Once an employee becomes a manager, he gets a percentage of the store sales instead of a fixed salary. “Every time a customer walks in and buys something, or walks out without buying, the manager must feel it. This is why we feel we give a better service than other retailers,” the veteran retailer added, who is credited with expanding the Metro Brand footprint to 550 outlets.
Sharing his experience Gada said, “We too have a jhaaduwala to manager concept. We have people who start in that role, growing and eventually moving to sales or becoming cashiers or even managers. They are entrepreneurs in themselves.”
At Wellness Forever, new recruits are asked about their dreams, which the company then helps fulfil.
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It is important for SME retailers to know how to deal with competition. However, according to RAI CEO, “We should look at our own stores before looking at competitors because the minute you take your eyes off your customers to look at competition, you face trouble. The good thing about India is that there are enough customers for everyone, at least for now,” he said.
It is natural to look at competition as a threat but a growth mindset requires retailers to think differently like Bakhtiani who feels that “A competitor is not a competitor, but another businessman.” He said, “Like a batsman, I focus on the ball and not the bowler. Respecting the fellow retailer as a businessman gives you a new perspective. If two or three good businessmen come together, it becomes a good multiplier.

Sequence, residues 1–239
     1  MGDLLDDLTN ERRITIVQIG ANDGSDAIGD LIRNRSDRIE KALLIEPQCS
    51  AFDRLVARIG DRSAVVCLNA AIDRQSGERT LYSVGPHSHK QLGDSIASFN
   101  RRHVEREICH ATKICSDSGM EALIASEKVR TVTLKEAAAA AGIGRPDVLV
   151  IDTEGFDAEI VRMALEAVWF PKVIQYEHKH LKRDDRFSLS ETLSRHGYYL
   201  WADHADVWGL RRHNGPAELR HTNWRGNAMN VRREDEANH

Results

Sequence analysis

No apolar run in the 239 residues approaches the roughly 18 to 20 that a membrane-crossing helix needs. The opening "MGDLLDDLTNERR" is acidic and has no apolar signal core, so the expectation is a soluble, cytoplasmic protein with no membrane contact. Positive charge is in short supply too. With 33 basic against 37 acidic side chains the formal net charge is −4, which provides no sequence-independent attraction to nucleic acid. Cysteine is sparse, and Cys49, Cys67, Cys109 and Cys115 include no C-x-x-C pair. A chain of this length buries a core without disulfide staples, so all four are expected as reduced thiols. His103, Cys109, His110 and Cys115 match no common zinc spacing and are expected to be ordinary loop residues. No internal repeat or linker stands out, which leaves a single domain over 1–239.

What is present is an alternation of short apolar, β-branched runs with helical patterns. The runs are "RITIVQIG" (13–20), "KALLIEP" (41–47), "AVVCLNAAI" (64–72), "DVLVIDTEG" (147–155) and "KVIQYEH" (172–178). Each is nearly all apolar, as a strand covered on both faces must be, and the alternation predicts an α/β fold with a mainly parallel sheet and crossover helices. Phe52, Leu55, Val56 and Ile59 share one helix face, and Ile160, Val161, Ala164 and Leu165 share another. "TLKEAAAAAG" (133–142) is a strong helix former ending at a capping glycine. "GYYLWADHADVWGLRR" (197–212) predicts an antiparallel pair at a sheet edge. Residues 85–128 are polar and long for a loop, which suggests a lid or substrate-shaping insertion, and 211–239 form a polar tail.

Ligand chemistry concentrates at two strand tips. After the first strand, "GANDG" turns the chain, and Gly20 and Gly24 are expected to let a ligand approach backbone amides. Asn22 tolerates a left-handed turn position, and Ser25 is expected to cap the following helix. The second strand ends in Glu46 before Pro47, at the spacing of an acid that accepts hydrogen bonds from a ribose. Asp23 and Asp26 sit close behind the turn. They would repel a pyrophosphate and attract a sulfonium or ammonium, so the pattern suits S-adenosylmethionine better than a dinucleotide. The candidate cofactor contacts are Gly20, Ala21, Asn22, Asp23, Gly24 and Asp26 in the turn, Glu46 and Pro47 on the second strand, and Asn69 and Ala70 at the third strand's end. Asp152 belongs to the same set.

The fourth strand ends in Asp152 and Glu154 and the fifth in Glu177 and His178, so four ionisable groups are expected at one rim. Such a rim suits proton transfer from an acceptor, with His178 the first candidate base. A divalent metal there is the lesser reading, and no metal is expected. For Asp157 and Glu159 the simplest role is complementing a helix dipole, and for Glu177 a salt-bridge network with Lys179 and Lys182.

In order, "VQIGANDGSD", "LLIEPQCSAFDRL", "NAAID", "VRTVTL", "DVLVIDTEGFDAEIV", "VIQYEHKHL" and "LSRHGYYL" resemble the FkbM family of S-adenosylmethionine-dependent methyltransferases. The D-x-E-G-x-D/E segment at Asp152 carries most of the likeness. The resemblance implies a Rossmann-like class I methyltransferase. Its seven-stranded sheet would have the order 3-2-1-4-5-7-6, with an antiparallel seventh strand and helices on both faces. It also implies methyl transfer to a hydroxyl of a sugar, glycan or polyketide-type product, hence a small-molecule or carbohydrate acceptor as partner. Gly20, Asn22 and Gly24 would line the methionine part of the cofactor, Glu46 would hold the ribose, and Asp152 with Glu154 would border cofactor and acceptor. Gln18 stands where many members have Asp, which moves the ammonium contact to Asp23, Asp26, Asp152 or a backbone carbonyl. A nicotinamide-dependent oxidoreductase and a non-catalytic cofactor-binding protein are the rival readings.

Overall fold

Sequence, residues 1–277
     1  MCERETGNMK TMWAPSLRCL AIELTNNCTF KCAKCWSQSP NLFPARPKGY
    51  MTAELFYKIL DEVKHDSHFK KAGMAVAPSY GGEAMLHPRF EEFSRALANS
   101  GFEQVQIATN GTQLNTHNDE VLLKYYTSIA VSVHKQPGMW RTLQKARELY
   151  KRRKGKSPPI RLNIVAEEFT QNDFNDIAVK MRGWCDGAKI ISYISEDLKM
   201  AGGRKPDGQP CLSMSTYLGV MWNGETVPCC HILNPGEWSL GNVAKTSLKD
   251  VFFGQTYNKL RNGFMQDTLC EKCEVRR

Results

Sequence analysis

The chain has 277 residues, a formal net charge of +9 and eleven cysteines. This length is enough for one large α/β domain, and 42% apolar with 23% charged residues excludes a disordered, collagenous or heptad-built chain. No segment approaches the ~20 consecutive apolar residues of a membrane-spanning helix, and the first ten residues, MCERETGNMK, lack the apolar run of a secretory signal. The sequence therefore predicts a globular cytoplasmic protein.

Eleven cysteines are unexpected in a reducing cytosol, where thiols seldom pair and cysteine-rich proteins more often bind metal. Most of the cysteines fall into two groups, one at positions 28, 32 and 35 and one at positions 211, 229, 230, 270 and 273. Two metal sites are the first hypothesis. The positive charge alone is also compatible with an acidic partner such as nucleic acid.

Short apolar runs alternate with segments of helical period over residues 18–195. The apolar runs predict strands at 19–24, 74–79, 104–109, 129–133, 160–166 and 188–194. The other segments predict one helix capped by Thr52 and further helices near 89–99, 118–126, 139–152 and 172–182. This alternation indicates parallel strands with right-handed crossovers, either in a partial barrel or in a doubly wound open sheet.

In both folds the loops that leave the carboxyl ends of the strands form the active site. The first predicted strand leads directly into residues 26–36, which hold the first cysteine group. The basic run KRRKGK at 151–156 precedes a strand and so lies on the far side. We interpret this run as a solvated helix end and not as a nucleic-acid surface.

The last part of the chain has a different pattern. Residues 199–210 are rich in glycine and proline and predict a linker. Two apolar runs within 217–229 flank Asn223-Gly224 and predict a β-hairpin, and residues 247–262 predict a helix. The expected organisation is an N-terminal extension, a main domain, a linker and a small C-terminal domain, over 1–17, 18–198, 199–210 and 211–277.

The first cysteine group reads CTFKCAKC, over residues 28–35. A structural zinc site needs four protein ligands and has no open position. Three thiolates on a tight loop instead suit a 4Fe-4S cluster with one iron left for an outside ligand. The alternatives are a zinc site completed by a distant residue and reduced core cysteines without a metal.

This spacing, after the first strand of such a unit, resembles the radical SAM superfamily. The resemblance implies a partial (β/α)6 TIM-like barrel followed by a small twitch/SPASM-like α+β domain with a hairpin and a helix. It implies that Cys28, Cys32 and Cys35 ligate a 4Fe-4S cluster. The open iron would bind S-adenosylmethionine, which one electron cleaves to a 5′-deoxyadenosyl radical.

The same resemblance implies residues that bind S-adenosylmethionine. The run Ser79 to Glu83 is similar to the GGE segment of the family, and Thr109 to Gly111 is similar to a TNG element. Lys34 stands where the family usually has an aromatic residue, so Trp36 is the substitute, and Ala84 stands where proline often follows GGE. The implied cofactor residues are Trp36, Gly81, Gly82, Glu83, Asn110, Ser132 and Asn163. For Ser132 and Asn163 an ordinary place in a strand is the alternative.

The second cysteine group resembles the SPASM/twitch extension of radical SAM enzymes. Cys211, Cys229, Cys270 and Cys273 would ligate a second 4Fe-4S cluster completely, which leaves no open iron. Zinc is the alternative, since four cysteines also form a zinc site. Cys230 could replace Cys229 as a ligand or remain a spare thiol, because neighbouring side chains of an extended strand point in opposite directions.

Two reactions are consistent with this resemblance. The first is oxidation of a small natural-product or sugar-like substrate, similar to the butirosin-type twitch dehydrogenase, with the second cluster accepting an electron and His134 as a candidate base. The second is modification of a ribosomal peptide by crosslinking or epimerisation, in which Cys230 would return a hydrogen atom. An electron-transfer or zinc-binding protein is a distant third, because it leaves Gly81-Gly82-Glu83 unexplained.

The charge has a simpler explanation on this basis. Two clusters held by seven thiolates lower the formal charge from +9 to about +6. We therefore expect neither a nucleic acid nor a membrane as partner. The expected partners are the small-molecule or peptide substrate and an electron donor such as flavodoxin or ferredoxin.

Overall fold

“We have been lucky enough to have intelligent competitors, who we have tied up with. Whenever we open a new store, we talk to competitors in that catchment and explore partnerships. There are just buyers and sellers, there is no other entity,” he added.
In summary, a change in perspective is one of the most critical things retailers need to navigate tough times and grow.
Also read: Designing the new normal
Image source: shutterstock.com
Article published in STOrai Magazine. Adapted from KCF & RAI Webinar on Strategies for SME / MSME Retailers in Current Times
Disclaimer: The views and opinions expressed in this article are those of the author and do not necessarily reflect the views, official policy or position of GlobalLinker.